- Stung by the deaths of nearly 40 American soldiers over the past 10 days, the top American military commander in Iraq spoke of a “turning point” in the conflict on Tuesday and outlined a new get-tough approach to combat operations in areas north and west of Baghdad, strongholds for loyalists of Saddam Hussein.
Lt. Gen. Ricardo Sanchez said operations would be stepped up against shadowy groups behind the increasing tempo of attacks on American troops in the Iraqi heartland between the Tigris and Euphrates rivers.
….”We are taking the fight into the safe havens of the enemy in the heartland of the country where we continue to face former regime loyalists, criminals and foreign terrorists, who are trying to isolate the coalition forces from the Iraqi people and break the will of the international community,” General Sanchez told a heavily guarded news conference in the Iraqi capital. He added, “They will fail.”
….Dispensing with euphemisms favored by many Bush administration officials in recent months, General Sanchez, commander of the 130,000 American troops in Iraq, described what they were facing as a war.
He was blunt in assessing the challenge posed by armed opponents who faded away as American troops overran the country in April, only to regroup, mainly in the area known as the “Sunni triangle,” between Baghdad, Tikrit and Ramadi. From those Sunni Muslim areas, the major beneficiaries of Mr. Hussein’s rule, attackers have mounted an increasingly sophisticated campaign that the general said accounted for more than 90 percent of strikes on allied forces.
Citing a deadly Oct. 26 rocket attack on the Rashid Hotel in central Baghdad, timed to coincide with the visit to the hotel of the deputy defense secretary, Paul D. Wolfowitz, the general said the attack was intended to “weaken the will of the coalition forces” and cause the United States to “walk away” from Iraq.
“It’s not going to happen,” he said. “We are not walking away, we are not faltering, we are going to win this battle, and this war.”
Aides to General Sanchez said the choice of the word “war” was part of a conscious effort by senior military officers to inject realism into debates in Washington. American officials disclosed Tuesday that the chief American administrator in Iraq, L. Paul Bremer III, had left abruptly for talks in Washington.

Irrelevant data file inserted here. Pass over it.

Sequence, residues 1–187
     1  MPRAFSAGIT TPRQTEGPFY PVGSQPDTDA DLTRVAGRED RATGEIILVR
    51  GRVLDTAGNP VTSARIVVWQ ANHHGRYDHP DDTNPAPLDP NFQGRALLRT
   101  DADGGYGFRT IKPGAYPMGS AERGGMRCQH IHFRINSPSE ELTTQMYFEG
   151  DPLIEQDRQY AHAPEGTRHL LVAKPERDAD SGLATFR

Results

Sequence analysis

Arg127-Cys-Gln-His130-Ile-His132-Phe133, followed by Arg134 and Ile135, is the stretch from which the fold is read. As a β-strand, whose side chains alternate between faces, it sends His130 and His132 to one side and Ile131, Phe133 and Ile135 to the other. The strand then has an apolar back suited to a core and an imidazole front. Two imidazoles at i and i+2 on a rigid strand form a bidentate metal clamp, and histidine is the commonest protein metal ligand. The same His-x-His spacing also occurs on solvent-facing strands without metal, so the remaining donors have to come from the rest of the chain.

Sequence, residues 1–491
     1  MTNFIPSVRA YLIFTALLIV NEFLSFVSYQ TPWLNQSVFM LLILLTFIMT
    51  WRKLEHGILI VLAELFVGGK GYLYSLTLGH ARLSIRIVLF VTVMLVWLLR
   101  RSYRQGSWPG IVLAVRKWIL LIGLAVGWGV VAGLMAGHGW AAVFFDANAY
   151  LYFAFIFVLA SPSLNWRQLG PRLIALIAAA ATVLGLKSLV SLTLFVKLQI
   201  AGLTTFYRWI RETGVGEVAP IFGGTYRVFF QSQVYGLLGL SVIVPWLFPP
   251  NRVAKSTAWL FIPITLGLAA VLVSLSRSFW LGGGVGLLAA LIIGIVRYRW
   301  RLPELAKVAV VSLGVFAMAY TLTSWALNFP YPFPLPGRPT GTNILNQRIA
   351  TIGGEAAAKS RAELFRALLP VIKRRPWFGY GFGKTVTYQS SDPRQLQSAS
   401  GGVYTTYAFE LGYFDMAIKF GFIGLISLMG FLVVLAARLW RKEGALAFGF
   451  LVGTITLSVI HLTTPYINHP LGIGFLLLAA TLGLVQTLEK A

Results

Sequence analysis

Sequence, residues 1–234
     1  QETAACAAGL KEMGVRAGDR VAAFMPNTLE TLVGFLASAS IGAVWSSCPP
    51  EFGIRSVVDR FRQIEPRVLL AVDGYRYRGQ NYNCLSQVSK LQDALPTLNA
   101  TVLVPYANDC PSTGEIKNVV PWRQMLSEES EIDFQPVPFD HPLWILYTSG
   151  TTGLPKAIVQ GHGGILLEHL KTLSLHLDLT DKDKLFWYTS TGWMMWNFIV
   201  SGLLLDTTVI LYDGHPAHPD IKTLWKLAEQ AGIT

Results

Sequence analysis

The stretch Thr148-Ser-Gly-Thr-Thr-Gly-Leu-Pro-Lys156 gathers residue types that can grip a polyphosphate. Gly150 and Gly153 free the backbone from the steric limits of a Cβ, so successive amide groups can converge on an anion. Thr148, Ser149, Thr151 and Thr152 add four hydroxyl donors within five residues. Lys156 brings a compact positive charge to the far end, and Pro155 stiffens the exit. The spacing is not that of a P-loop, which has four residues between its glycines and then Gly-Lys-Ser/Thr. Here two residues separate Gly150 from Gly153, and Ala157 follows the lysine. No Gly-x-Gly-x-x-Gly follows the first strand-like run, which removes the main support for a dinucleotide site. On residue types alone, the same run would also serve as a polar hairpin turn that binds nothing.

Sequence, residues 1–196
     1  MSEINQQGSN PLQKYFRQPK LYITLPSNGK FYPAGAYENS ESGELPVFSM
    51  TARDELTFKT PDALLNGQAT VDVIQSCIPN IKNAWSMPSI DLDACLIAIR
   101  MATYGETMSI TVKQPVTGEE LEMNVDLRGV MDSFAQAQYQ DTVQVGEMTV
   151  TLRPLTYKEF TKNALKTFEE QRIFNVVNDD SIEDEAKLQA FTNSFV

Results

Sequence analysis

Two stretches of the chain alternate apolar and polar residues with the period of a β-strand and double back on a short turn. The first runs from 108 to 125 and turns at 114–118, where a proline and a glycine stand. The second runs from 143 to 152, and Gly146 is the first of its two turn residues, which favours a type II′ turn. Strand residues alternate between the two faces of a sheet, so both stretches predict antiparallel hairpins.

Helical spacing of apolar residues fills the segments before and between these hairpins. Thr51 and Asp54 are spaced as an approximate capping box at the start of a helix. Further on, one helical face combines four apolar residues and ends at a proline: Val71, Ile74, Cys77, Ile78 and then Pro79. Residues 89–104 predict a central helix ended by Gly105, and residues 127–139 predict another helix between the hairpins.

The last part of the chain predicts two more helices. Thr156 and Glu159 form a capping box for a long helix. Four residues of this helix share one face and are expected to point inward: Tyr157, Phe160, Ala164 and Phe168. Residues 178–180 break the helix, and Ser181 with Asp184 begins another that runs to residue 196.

….At another point, he responded brusquely to a reporter’s question that cited concerns among some in Europe and the United States that Iraq was turning into a new Vietnam.
“It’s not Vietnam, and there’s no way you can make the comparison to the quagmire of Vietnam, when you look at the progress that’s being made, when you look at the lack of popular support for the previous regime,” the general said. “There’s no alternative political structure that the people of Iraq are going to embrace that is connected to this anticoalition element. I think it’s just amazing that anybody would think that it’s an alternative to go back to that oppressive, brutal regime.”
….”Although the coalition can be benevolent, this is the same lethal instrument that removed the previous regime, and we will not hesitate to employ the appropriate levels of combat power,” he said in prepared remarks. In response to questions, he added, “What we are embarking on here is the absolute necessity to defeat the enemy,” in pursuit of which the “application of all combat power that is available to us” would be used. [NY Times]
Not only does extreme force need to be reapplied to eliminate the hardened enemy, it also needs to be used to reassure those who might be inclined to support the enemy that their cause is hopeless and that only death awaits them at the end of that road.
We’d better be as serious about this as we were about the initial invasion. A half-assed or piecemeal approach will only lead to delay and more death.